Monday 31 January 2011

My Inconvenient Life (without a Car)

First the exhaust fell off and Mark tried to tape it back Mexican-style. Then we took the car down to the garage. Carl welded it and Chris gave us one of his laconic predictions: OK for short journeys. But we knew - as you always Just Know- that it was a Sign. We drove gingerly down the bumpy icy lanes and started to do complicated arithmetic with bus timetables. In a full-on blizzard we skated off the road at night into a ditch. That was another one.

Then, out of the blue Daphne, a fellow Transtioner said: you can have my old car. A reprieve! Another Vauxhall, and a diesel, so we could try out the fuel from our Sustainable Bungay bio-diesel project in the Spring! We were exultant. Two weeks later it refused to start. The alternator had gone. And Chris gave us another of those looks and a list of other unforeseen horrors to do with camshafts and brake pipes. Oh God, here it is: The Total No-Car Situation.

If you’re reading this in the city you’re probably thinking, what’s the big deal? But in rural England, right now, not having a car has consequences. We can walk to the local town (35 minutes) but that ancien regime, non-organic seatown is not where our social life is, or Transition, or most of our food. And since the cuts the buses have rocketed in price (£3.20 for the same journey) and the services drastically reduced. I cycle to collect our veg box (20 miles), Mark walks out and meets everyone in the lane. We are getting fit and back in touch with the neighbourhood, with the elements, after a long secluded winter . .

But how are we going to get to Bungay? Our 30 minute car journey suddenly turns into a two-bus, two and a half hour one. £5 becomes £12. And there are no buses back. Our Norwich journey at least has one night bus (at 11.15pm) from Lowestoft train station. You see, life shrinks. You don’t have that freedom anymore to go where you want. And that’s why, though the petrol prices have reached a record high, people hold on desperately to cars.

But something else happens. It really does. I found that out in the first post I wrote about Car-Free Day and found myself canoing down the River Waveney under the stars at Autumn Equinox. You can stay the night with us, said Nick and Josiah and Elinor and Gemma and Daphne. After Green Drinks, Margaret drove us home, Rita and Kate picked us up to go the Lowestoft Anti-Cuts meeting, and Lesley gave us a lift to the Core group meeting. Come in for a cup of tea, a glass of wine, supper, we said. We found ourselves talking and laughing, getting to know each other in a way that isn’t always possible in our Transition events or meetings in the library or the pub.

Do you want control or do you want relationship?

That's a question I used to ask people when they wanted to connect with flowers or with their dreams, in the days when I taught such things. There was this big struggle inside as the desire to have it My Way ceded to the kind of openness required to tap into the multi-dimensional nature of the earth and ourselves. You can’t see the earth as it really is with your dualistic rational mind. You can only see it with your heart, when you are immersed in the fabric of life and allow self-organisation to happen. When you risk and let go. You think generosity comes from the giver, but actually it comes from the receiver. It comes when you work within an open system, rather than a closed system over which you have Total Control, steering wheel and gear stick in your hands.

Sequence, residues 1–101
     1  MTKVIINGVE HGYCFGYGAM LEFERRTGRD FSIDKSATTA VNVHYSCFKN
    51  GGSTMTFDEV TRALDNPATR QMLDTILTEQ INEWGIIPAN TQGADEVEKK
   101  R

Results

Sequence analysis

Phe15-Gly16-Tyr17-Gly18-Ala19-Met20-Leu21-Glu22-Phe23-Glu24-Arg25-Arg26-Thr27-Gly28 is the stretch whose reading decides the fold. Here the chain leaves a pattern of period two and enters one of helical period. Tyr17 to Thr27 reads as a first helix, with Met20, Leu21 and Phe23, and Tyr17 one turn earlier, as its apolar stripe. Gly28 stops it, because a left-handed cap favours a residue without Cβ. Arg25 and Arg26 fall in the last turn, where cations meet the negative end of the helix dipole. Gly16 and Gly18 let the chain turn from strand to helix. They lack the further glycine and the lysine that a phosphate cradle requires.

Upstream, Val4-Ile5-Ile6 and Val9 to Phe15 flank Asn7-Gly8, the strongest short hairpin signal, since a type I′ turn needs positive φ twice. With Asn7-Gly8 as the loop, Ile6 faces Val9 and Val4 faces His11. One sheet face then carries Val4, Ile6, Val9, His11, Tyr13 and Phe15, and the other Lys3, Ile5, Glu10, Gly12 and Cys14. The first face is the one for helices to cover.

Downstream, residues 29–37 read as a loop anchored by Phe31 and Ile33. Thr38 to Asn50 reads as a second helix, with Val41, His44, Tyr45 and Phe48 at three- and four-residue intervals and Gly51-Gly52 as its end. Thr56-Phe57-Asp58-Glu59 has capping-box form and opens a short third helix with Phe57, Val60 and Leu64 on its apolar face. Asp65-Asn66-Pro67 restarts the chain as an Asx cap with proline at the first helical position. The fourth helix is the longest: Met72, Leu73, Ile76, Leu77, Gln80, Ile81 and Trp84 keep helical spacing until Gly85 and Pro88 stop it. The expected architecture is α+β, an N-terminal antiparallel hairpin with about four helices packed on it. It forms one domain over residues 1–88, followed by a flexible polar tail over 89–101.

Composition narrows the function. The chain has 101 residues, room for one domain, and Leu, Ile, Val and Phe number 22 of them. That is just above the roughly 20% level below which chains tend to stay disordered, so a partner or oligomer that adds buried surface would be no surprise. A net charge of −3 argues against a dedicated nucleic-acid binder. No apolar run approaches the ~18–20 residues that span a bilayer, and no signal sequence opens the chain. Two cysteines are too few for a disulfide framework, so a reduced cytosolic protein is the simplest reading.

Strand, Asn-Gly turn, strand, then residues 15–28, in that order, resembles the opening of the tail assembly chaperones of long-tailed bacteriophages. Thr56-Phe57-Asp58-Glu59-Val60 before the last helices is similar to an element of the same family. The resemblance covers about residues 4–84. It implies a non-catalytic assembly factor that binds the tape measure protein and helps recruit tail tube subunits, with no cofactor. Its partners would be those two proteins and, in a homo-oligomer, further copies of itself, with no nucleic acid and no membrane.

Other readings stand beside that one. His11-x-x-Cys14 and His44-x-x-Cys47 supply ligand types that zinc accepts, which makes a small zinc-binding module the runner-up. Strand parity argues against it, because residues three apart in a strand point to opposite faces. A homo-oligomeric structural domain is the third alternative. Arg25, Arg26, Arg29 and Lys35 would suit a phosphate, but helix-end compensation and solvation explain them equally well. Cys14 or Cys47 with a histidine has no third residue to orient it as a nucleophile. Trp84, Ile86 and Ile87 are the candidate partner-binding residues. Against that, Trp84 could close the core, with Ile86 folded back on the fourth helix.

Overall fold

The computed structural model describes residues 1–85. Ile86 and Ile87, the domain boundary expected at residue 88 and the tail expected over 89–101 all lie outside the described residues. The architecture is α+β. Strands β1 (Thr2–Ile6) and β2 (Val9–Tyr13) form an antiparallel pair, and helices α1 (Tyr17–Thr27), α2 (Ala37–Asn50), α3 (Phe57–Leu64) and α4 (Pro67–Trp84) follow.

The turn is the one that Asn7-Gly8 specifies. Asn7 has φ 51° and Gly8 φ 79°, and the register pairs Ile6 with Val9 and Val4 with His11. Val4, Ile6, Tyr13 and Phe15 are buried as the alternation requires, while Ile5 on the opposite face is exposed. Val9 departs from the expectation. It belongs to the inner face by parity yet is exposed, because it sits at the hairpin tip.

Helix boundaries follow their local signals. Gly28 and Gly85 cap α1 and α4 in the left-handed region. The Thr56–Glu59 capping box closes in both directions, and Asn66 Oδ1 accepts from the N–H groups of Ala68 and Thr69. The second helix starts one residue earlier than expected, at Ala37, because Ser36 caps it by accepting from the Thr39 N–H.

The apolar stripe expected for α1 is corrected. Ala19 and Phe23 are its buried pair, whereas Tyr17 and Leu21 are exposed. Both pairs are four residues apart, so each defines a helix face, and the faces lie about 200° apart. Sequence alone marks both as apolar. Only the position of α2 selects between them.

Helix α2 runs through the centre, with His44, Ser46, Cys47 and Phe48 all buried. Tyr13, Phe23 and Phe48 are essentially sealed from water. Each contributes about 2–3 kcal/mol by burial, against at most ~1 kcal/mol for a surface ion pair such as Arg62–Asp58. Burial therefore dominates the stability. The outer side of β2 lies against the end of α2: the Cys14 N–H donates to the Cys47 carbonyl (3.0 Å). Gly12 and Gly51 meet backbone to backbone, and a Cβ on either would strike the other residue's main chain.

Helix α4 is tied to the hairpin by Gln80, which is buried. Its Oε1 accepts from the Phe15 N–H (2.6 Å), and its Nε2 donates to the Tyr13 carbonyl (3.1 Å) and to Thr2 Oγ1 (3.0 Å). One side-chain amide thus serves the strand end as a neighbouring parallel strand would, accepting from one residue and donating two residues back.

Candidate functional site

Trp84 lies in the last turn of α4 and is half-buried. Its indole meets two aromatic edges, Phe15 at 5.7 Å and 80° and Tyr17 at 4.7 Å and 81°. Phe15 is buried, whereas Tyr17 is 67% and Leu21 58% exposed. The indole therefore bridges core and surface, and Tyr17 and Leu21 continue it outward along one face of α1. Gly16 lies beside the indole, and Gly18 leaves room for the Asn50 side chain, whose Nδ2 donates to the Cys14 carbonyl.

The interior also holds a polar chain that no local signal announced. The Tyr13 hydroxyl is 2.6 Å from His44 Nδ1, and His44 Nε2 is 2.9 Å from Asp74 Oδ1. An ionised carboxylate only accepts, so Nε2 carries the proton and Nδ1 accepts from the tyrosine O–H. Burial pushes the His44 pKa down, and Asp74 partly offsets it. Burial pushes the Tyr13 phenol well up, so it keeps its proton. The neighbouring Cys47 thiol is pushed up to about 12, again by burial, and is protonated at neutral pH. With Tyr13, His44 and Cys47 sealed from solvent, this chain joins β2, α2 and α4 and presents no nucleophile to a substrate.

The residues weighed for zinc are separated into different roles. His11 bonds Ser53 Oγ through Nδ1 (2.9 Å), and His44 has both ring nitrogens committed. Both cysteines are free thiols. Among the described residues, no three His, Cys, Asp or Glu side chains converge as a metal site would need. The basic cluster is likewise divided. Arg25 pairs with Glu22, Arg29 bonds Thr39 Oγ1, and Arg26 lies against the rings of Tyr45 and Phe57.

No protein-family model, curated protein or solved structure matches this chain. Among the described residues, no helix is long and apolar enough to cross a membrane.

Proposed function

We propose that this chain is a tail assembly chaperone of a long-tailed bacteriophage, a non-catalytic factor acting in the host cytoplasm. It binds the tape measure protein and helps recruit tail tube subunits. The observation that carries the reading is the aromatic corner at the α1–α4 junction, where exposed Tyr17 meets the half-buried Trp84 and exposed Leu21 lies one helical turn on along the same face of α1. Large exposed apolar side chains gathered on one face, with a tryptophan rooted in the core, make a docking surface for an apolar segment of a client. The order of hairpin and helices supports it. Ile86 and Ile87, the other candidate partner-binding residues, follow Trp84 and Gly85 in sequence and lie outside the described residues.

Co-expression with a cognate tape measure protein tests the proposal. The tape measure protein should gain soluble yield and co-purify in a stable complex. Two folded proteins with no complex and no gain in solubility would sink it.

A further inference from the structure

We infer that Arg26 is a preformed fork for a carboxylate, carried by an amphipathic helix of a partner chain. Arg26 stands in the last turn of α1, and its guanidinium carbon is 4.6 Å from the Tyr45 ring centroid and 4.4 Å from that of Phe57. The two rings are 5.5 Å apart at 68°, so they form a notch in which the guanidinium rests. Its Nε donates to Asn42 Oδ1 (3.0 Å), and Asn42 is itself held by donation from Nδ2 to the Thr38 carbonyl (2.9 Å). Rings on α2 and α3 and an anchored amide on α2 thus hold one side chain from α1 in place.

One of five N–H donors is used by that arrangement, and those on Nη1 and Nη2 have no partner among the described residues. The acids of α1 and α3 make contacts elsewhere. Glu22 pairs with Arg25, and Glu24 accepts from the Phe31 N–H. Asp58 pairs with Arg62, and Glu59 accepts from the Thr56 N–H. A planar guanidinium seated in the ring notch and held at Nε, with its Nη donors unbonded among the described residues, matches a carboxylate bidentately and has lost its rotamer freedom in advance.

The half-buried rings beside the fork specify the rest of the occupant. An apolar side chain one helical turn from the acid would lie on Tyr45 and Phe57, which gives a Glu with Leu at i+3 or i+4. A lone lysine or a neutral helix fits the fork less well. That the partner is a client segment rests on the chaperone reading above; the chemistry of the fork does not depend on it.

We’re not taught relationship. We’re taught to live in isolated bubbles and to escape into our minds. We sit in circles and share ideas about community and support, but we’re mostly talking to ourselves, in separation, as cycles of inconsolable grief and terror go into replay in our emotional bodies. I found out in our old flower and dream work that people like to be in control of the earth they are saving, in the same way lovers like to be in control of who they are loving. To manage and design every situation. Not because we’re dictators but because we have been bullied and shamed by our upbringings to live in shut-down. Seize power or be humiliated! Take the wheel or take the bus! However you can’t control and communicate at the same time, neither with people, plants nor the planet. It’s either a one-way domination or a two-way free-will exchange. And the world we get to inhabit depends entirely on that choice.

At some point in Transition you have to become the passenger. And accept the invitation.

Photos: Dashboard with devil's claw seed pods, Arizona, 2001; Sustainable Bungay Library Community Garden and the new hazel screen.


  1. Rural life without a car really is something that needs to be pioneered because it is very restricting at the moment, which is why the environmentally minded ironically either have a car or live in a city!

    I totally agree that generosity is about the receiver. There are many many people who are happy to help and to give but there are few people that are comfortable with asking for help. So there is the challenge, next time you need something ask for it!

  2. not having a car makes so much difference to your life.
    its completey different from having one and choosing not to use it!
    Great blog!